Things changed when the series moved to the Kingdome, with the Mariners winning two games to tie the series. But in Game 5, even though they had rallied to force extra innings, the M's were on the brink of elimination. The Yankees had a 5-4 lead in the eleventh inning. The M's had two runners on base -- Joey Cora was on third and Ken Griffey Jr. on first -- with Edgar Martinez at bat.
"My Seminal Moment"
The most famous description of the most famous play in franchise history was about to happen. Niehaus delivered it, starting matter of factly, then shouting to be heard over the crowd's epic roar:
"Right now, the Mariners looking for the tie. They would take a fly ball, they would love a base hit into the gap and they could win it with Junior's speed. The stretch . . . and the 0-1 pitch on the way to Edgar Martinez . . . swung on and LINED DOWN THE LEFT FIELD LINE FOR A BASE HIT! HERE COMES JOEY, HERE IS JUNIOR TO THIRD BASE, THEY'RE GOING TO WAVE HIM IN! THE THROW TO THE PLATE WILL BE . . . LATE! THE MARINERS ARE GOING TO PLAY FOR THE AMERICAN LEAGUE CHAMPIONSHIP! I DON'T BELIEVE IT! IT JUST CONTINUES! MY, OH MY!" (LaRue).
Niehaus's rip-roaring account would be played for years at future Mariners game, inevitably drawing cheers and coaxing goose-bumps. Niehaus called it the greatest game he ever saw. "A defining moment," he said nine years later. "It kept baseball here. It brought the new stadium (Safeco Field in 1999). It made Seattle a baseball Mecca. It changed everything" (Andriesen, 2004). In retrospect, Niehaus called it "my seminal moment" (Stone, 2010).
Celebrity Status and Heart Trouble
The Mariners lost the ensuing American League Championship Series to the Cleveland Indians. They stayed contenders for several more seasons -- notably winning another division title in 1997 and tying the American League record for victories with 116 in 2001 -- but then returned to mediocrity or worse.
Niehaus's popularity, however, continued to grow. How much was dramatically demonstrated to Marilyn Niehaus in 1996. Dave was at the Kingdome preparing for a game that night when he began to feel ill. He called his wife and told her team officials wanted him to go to the hospital. She was given a code name to get through security and ushered in and out of the building through back routes. A bogus patient name was posted by his door, another ruse to ensure privacy.
"That was my first clue how important he was to so many people. You'd think he was the President," Marilyn Niehaus said (Drosendahl interview).
Angioplasties opened two blocked arteries in his heart and Niehaus was soon back at work. He had been a heavy cigarette smoker, favoring Marlboros, but the heart attack convinced him to drop the habit.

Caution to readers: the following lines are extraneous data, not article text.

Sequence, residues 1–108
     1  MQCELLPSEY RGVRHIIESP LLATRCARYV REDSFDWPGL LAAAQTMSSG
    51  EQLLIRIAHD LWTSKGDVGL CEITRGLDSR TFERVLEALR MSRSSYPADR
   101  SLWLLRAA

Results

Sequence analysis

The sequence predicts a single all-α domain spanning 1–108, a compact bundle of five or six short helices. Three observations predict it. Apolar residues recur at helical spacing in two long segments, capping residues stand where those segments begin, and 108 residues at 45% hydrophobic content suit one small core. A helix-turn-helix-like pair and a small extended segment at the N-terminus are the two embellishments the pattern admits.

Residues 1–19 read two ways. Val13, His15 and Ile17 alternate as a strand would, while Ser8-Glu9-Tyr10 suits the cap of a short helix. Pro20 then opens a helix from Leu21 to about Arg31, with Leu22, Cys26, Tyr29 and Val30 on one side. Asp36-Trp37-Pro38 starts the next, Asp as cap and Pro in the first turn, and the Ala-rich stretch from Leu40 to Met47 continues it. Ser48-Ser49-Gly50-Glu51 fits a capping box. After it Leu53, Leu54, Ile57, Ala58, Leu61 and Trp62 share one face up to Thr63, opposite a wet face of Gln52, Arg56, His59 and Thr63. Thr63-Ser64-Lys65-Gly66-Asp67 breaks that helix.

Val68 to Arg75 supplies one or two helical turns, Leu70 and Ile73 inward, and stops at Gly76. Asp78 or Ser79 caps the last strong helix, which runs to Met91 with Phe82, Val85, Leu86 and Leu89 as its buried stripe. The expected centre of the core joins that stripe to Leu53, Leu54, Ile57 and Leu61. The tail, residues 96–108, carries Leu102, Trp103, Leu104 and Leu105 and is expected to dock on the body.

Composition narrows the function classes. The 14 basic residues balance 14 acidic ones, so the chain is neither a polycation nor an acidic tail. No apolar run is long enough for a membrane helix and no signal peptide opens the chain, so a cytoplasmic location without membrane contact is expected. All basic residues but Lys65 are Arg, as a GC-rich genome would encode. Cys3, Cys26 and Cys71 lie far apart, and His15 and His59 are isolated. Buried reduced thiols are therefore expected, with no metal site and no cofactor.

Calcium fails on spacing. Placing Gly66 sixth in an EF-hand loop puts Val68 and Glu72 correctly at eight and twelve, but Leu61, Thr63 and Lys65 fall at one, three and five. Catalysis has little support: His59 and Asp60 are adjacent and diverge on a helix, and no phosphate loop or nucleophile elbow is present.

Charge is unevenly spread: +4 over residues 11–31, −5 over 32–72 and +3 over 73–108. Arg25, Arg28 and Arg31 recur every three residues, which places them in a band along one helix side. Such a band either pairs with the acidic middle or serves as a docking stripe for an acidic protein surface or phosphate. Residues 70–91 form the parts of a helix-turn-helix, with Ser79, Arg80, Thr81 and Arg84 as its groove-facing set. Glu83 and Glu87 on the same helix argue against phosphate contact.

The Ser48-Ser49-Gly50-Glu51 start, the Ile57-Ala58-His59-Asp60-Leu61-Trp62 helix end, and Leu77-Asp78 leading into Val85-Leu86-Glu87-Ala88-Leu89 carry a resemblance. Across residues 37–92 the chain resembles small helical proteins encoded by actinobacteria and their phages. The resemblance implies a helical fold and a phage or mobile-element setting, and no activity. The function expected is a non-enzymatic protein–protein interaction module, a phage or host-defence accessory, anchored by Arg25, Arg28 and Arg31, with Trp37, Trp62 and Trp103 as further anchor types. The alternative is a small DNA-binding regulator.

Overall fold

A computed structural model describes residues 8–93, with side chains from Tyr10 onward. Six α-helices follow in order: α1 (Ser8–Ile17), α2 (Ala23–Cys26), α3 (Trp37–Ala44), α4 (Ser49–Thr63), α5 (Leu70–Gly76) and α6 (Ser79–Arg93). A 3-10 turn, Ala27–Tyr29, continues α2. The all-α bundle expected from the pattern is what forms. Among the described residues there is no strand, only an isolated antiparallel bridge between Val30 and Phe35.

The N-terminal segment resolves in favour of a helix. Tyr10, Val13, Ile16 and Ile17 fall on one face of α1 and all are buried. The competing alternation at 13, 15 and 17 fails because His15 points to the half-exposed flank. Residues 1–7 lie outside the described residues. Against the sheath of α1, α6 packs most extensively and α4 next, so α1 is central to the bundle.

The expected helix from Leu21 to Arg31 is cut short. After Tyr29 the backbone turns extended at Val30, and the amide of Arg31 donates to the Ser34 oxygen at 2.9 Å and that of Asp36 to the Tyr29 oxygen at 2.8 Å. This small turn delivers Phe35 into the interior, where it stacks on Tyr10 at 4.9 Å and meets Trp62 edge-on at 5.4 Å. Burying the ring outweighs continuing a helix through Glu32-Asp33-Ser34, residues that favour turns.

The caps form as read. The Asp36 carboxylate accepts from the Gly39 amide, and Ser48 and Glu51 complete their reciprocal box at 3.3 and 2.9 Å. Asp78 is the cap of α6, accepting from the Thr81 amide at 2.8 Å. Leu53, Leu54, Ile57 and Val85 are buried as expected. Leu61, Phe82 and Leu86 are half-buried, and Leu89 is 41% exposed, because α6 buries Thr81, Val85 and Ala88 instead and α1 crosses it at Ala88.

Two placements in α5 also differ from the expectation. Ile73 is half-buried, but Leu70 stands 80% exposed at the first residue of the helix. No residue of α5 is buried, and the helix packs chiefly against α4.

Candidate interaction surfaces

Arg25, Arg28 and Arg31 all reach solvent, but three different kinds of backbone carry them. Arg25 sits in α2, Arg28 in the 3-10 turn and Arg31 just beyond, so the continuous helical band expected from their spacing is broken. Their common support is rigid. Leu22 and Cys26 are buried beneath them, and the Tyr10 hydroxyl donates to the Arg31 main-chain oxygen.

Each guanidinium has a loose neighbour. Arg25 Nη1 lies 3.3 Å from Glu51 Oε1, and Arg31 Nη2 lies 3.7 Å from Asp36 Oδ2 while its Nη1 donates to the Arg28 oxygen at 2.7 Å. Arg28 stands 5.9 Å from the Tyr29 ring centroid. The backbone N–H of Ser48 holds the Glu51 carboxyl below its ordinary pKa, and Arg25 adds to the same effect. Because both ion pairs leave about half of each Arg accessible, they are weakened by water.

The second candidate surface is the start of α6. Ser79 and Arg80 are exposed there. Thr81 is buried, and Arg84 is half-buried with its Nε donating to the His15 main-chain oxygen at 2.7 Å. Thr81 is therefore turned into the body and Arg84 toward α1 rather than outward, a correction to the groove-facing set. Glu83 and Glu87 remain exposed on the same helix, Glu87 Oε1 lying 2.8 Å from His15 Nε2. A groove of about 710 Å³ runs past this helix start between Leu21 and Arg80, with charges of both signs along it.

Honors Roll In
On July 15, 1999, the Mariners paid their broadcaster a high and unexpected compliment. The occasion was the opening of Safeco Field, a $425-million baseball-only stadium in Seattle's SoDo district. Niehaus knew he had a part in the pregame ceremonies and he dressed accordingly, donning a tuxedo. What he didn't know was that the team had chosen him to throw out the ceremonial first pitch. Team president Chuck Armstrong told him just moments before the game was to begin. "He broke down then. He was so touched. But he really was the only choice," Armstrong said (Brewer).
More recognition of his public stature followed. He was inducted into the team's hall of fame in May 2000, with a pregame ceremony that lasted 35 minutes and included three standing ovations from the crowd of nearly 43,000 at Safeco Field. Among those cheering was outfielder Jay Buhner, who said Niehaus "is more popular than anyone who has played here" (Sherwin).
In 2004, the Washington Council of the Blind gave Niehaus a citation he considered his most meaningful award. "They said they could see the game through my eyes. When you can accomplish that, paint a picture with your words, that's something to be proud of," Niehaus said (Arnold, 2008).
Niehaus reached the pinnacle of his profession on July 27, 2008, when he was awarded the Ford C. Frick Award for outstanding broadcasting during induction ceremonies at the National Baseball Hall of Fame in Cooperstown, N.Y. The award meant that his name and picture would go in the Hall of Fame. "It's the biggest thrill of my life," he said (Arnold, 2008).
A Sudden End
Niehaus broadcast his last game on October 3, 2010, his 5,284th with the Mariners, moving back and forth between radio and television as usual. And then it was time for a break. He was 75, but he had no thoughts of retiring. He was as popular as ever and looking forward to spring training in February.